Needless to hide that many people start running to lose weight. They feel out of shape, they have an athletic past now buried by years of work and neglect, they no longer recognize themselves in their bodies, they feel unhealthy. The first thought that motivates them is to take their lives back a bit, starting with physical fitness.
And it works: the transition from a sedentary life to an increasingly dynamic one positively affects the body: it tones muscles, improves mood, and, especially in the beginning, causes weight loss.
The basis: eating and burning
By eating, you take in calories and by moving (but, more generally, living) you burn calories. When you have recently introduced running into your life and have not varied your diet, it is natural to lose weight: you have added to what you burned in your sedentary phase what you now burn by running. The result is that you lose weight.
The more normal your workouts become, the more your body gets used to the new exercise regimen. In other words, by running you continue to burn the same calories as at the beginning but you don’t burn more.
If you don’t change something in your workouts you risk stopping your metamorphosis: you burn the usual, you eat the usual, and therefore you no longer lose weight.
Solution? Eat the usual and increase the training load: run longer, run the same distance but more often, include uphill running in your training.
There is no other solution: if you want to lose weight again (or more) you have to run more.
I will also quickly reveal a bitter truth: running is not the most calorie voracious sport. In short: it’s not that running burns so much more than walking or biking. If I really had to choose the sport based on its caloric efficiency jumping rope, for example, would do much better. As much as doing it for a straight hour is not exactly a fun kind of workout, besides the fact that you would take your body far beyond its limits (and your mind beyond the threshold of boredom).
Running should not be a justification for eating more
This is the most common mistake anyone who runs makes: food as compensation for the effort made. Don’t cheat, you’ve thought about it too, “I ran so hard, I deserve a reward.” I am not saying that gratifying yourself now and then is not good (it is perfectly fine for your mental health, in fact), but doing it all the time has only one result: by eating more, you diminish the effect of running in terms of calories consumed and, if you overdo it, you undo it by taking in more than you can burn. The result is soon obvious: you gain weight instead of losing weight.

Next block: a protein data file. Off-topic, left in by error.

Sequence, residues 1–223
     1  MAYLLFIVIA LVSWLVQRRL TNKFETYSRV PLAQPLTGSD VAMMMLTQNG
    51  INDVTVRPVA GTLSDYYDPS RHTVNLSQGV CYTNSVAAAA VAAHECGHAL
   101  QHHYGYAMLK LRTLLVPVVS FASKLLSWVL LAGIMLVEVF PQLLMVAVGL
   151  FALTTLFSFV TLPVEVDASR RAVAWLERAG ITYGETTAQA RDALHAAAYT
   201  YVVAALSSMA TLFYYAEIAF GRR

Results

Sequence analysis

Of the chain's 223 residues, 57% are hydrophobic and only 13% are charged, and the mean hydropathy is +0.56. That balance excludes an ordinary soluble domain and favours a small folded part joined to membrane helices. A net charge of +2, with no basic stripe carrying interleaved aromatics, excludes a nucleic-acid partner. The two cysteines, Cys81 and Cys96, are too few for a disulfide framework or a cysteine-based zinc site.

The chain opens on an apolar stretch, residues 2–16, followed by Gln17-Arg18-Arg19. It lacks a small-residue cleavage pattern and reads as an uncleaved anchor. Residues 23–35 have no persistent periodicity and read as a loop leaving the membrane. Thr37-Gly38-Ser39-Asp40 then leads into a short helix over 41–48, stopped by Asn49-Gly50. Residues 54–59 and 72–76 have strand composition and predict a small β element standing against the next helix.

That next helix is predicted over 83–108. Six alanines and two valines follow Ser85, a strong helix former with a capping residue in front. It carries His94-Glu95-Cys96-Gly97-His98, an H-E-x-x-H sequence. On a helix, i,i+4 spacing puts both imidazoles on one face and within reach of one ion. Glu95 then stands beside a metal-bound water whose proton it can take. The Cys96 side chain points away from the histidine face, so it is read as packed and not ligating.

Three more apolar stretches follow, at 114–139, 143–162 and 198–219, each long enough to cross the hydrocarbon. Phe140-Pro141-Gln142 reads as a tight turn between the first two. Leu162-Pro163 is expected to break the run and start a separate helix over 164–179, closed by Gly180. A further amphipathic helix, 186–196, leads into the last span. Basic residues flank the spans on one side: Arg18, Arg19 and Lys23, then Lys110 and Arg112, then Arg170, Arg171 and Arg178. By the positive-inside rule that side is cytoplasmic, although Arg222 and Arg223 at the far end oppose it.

When you really need to eat to run
We often tell you that nutrition, along with recovery and training, is one of the three components of the triad of preparation. You eat to have fuel to burn in running, you run by burning that fuel, you recover through rest and sleep to accelerate the rebuilding of muscle fibers and to recover the energy expended.
This is all very true but must be framed within the real caloric requirements. Let me explain: not all distances require the same kind of nutrition, and certain distances can be tackled even without having fed first.
This also explains that people who fuel themselves before, during and after training like they were going to run an ultramarathon even if they are running for less than 10 k are taking in far more calories than they need.
Generally, a 45-60 minute run or a distance of about ten kilometers can be tackled even without eating anything before.
The same argument also applies to what you eat while running. If in fact supplementation is justified and indeed recommended for medium and long distances (from 15-20 k up to the marathon and, of course, beyond), for lower mileages it is not necessary.
Finally, after the run, it is important not to reward yourself excessively but to take in the amounts you are used to.
Some tips for monitoring how much you eat
- As soon as you get back from your run, drink some water: it serves to replenish lost fluids and give you some satiety by occupying a part of your stomach that you would otherwise fill with food.
- Prefer foods that require the use of cutlery: you will eat smaller bites and smaller quantities.
- You may not necessarily be able to train consistently every week. If you miss one or more sessions you should pay attention and eat a little less, or certainly not more.
- Finally, use food planning: it helps you make varied and balanced dietary decisions in advance and prevents you from being subjected to hunger pangs that cause you to bite whatever you find within reach, which at these junctures are often carbohydrates or sweets.
Never forget, as mentioned above, the most important thing: don’t overdo it and reward yourself every now and then. Not always but every now and then it is needed.